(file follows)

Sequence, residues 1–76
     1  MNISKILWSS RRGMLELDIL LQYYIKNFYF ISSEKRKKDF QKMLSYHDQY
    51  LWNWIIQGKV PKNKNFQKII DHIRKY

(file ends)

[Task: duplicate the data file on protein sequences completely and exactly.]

Sequence, residues 1–76
     1  MNISKILWSS RRGMLELDIL LQYYIKNFYF ISSEKRKKDF QKMLSYHDQY
    51  LWNWIIQGKV PKNKNFQKII DHIRKY